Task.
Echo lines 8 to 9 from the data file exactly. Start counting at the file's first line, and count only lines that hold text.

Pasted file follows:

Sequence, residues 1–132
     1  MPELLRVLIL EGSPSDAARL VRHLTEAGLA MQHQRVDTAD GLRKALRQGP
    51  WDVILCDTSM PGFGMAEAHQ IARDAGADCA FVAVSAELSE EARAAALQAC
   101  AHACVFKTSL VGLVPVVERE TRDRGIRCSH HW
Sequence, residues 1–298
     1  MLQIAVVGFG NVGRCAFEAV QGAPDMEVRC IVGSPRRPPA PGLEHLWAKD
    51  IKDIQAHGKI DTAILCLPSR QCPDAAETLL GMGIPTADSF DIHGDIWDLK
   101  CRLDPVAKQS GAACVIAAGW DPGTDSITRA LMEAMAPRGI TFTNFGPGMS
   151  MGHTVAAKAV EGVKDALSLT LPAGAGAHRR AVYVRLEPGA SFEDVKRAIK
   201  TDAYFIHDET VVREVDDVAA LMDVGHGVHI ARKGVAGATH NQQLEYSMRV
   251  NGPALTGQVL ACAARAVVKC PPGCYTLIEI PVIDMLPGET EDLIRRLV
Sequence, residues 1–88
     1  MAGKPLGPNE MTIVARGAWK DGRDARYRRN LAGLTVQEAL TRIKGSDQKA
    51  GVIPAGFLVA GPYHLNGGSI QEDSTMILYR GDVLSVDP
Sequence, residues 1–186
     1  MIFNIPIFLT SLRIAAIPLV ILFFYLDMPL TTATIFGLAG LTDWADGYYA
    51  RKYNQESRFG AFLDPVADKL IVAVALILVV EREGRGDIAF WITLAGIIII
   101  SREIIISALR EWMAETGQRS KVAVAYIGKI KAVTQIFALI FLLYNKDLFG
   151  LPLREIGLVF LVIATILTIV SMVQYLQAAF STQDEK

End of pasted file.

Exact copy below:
   101  CRLDPVAKQS GAACVIAAGW DPGTDSITRA LMEAMAPRGI TFTNFGPGMS
   151  MGHTVAAKAV EGVKDALSLT LPAGAGAHRR AVYVRLEPGA SFEDVKRAIK